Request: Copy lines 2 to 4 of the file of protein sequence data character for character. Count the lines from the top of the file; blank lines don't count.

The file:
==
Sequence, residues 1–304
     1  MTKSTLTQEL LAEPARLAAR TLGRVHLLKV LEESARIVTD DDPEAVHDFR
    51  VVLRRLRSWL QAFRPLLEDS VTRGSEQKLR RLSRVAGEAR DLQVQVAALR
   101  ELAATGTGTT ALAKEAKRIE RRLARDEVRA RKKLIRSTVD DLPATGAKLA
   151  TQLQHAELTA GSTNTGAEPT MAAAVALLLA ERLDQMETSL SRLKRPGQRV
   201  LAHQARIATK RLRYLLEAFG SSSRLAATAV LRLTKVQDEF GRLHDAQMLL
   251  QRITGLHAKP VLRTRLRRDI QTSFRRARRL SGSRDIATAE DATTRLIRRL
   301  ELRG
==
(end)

     1  MTKSTLTQEL LAEPARLAAR TLGRVHLLKV LEESARIVTD DDPEAVHDFR
    51  VVLRRLRSWL QAFRPLLEDS VTRGSEQKLR RLSRVAGEAR DLQVQVAALR
   101  ELAATGTGTT ALAKEAKRIE RRLARDEVRA RKKLIRSTVD DLPATGAKLA